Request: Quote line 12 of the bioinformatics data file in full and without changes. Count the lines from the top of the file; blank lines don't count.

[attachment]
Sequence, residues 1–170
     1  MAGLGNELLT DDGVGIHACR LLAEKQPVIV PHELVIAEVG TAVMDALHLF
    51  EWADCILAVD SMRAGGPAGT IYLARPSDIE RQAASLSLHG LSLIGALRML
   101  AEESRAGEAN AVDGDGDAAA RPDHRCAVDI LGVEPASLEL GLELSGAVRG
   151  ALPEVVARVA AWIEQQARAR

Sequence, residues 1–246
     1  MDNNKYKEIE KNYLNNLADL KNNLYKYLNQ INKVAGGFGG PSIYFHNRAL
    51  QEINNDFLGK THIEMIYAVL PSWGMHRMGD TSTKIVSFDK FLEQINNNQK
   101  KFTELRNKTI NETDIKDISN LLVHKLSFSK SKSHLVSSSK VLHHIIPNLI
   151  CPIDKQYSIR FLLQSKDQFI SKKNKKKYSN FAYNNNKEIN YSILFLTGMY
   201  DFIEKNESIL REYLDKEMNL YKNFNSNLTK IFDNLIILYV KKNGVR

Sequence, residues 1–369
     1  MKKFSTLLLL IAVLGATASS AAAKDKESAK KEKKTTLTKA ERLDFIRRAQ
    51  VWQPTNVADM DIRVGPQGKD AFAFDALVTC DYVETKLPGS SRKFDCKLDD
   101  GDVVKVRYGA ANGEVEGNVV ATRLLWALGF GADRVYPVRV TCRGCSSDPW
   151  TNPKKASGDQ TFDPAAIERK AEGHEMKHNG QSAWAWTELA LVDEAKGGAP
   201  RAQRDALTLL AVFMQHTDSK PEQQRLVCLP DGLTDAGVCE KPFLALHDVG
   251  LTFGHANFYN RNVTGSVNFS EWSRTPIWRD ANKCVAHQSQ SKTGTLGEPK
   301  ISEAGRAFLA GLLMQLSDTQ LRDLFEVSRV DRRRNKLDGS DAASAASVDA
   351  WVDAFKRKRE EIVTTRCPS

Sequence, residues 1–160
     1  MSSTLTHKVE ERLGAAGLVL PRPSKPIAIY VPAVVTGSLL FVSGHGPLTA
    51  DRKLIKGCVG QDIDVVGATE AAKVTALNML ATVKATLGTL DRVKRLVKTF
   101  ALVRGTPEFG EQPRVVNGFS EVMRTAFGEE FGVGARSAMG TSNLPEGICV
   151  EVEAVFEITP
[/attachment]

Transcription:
Sequence, residues 1–369